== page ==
Explainer: Biometric presentation attack detection and liveness checks
Biometrics as an authentication method have rapidly caught on not just for their accessibility, ease of use and being contactless, but for their precise security. Biometrics are, with some notable exceptions, unique, and although false positive matches can occur in any probabilistic system at scale, a malicious actor or a false positive is highly unlikely to receive access to that person’s services, accounts, and sensitive data with their own biometrics. But as with any security measure, biometric systems can be hacked.
A ‘presentation attack’ is a fraud attempt in which a bad actor acquires the biometric data of an individual and uses the data to grant access to a service they are unauthorized to access, manipulates data to do so, or uses a synthetic identity to spoof the system. Victims’ biometrics can be gained by hacking a database and copying biometric data such as voice files or fingerprint templates, or purchasing stolen data through the dark web. The copied data can then be used to access accounts and go through security measures unopposed. A bad actor could steal fingerprint data, replicate it as a fake fingerprint and pass fingerprint scans at a secured building, for example.
The need to protect against presentation attacks led to ‘presentation attack detection’ (PAD). A biometrics sensor can be built to automatically detect when a presentation attack is occurring and take appropriate defensive actions against it. PAD also extends to cases where people deliberately distort their biometrics to prevent an accurate record from being taken, such as damaging their fingerprints so a police fingerprint database will not have a proper record of them.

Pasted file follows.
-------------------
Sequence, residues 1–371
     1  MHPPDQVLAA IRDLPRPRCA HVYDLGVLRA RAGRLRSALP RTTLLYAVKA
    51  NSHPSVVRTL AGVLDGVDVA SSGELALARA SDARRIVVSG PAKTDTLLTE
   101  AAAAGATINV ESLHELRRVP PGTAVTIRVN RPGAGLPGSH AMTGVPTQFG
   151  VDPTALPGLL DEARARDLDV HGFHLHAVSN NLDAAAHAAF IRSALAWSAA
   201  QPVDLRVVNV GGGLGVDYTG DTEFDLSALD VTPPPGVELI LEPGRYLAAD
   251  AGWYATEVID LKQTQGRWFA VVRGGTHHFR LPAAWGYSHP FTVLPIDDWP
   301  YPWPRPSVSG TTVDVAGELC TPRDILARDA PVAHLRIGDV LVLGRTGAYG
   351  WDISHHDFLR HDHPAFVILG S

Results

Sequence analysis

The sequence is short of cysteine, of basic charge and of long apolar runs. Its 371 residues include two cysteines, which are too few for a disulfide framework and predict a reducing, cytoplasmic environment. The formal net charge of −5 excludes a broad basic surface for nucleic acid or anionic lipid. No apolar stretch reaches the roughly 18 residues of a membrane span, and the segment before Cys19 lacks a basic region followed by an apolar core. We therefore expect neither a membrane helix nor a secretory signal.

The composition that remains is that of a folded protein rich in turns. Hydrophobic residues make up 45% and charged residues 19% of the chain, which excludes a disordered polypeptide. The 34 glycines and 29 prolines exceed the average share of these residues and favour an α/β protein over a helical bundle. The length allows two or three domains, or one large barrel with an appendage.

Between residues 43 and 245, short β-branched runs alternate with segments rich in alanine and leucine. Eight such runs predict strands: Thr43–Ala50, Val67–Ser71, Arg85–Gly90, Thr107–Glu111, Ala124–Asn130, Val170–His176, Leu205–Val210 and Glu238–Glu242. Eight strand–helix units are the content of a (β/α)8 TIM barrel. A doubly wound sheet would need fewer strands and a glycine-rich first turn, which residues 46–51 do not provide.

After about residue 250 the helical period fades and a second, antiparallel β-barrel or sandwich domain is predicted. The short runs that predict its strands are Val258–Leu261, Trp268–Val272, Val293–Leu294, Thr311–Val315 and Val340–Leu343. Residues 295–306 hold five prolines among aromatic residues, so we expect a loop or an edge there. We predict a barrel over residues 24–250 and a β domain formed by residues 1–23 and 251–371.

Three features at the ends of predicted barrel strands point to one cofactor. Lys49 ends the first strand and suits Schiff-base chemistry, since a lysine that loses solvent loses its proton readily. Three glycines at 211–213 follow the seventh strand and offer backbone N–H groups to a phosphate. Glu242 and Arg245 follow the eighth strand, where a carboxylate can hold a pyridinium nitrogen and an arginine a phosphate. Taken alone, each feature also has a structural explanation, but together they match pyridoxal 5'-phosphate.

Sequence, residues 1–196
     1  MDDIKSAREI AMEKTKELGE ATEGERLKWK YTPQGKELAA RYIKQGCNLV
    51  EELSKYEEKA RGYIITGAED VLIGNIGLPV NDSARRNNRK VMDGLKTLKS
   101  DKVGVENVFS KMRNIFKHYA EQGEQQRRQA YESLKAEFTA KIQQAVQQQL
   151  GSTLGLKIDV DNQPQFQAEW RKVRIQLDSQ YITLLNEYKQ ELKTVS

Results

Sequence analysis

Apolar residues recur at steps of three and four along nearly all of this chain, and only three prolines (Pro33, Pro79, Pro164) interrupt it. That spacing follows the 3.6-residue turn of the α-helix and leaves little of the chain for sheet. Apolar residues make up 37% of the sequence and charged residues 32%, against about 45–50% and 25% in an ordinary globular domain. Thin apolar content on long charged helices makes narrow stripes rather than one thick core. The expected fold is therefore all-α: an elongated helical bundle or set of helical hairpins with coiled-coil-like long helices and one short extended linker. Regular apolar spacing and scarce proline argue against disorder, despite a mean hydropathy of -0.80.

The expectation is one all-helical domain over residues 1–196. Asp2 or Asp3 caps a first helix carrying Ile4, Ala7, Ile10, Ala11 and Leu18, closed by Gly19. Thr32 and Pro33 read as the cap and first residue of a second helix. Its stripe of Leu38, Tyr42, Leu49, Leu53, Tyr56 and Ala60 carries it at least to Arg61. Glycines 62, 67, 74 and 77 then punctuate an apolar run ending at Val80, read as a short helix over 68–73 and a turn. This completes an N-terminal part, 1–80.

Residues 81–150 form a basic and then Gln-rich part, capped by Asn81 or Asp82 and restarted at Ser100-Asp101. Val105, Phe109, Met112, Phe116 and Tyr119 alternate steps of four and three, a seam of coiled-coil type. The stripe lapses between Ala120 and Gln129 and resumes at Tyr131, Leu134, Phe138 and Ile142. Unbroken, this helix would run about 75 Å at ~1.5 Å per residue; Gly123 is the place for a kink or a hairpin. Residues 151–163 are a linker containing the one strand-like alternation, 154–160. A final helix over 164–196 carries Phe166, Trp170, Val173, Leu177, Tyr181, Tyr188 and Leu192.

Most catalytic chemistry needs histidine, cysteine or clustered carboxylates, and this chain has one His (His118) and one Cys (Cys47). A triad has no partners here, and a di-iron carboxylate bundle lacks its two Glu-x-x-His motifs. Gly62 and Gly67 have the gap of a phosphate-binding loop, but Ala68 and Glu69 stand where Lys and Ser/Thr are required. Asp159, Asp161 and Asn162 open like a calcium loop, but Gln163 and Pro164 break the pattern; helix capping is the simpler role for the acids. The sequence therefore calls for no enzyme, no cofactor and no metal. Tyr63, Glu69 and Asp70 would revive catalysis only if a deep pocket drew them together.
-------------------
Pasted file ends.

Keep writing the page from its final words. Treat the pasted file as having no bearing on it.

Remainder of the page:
A subset of a PAD is the concept of ‘liveness,’ which senses whether the instance of PAD is involving a living being as opposed to a spoof of an image, recorded video, or a silicone fingerprint. Liveness distinguishes and analyzes for biometrics like anatomical details and reactions such as eye movements during a face scan to determine if the input is from a living subject.
PAD and liveness detection systems are either ‘active,’ meaning they challenge the user to perform an action such as move their head or the camera, or ‘passive.’
An international standard for PAD is provided in the form of ISO/IEC 30107. Part 1 sets out a framework for biometric presentation attack detection, part 2 with data formats, and part 3 with testing and reporting. Part 4 extends the testing profile to mobile devices.
National science authorities, including but not limited to the National Institute of Standards and Technology (NIST) in the United States can accredit laboratories to test the performance of vendor solutions against the ISO 30107 standard.
To provide a fair and unbiased analysis of the efficacy of PAD, independent testing labs are accredited to offer their analysis of how well a particular biometric system detects presentation attacks. Accredited labs are contracted by biometric algorithm providers to offer proof of the effectiveness of their algorithms, gain public awareness and market their product. The results of the testing are sometimes publicly released, but not always.
Attacks are classified according to their sophistication and divided into levels. Different PAD systems must evolve over time to defend against new attack techniques.
Any PAD system also must balance a fine line between being secure but not overly-sensitive, which would be inconvenient to the vast majority of legitimate users.
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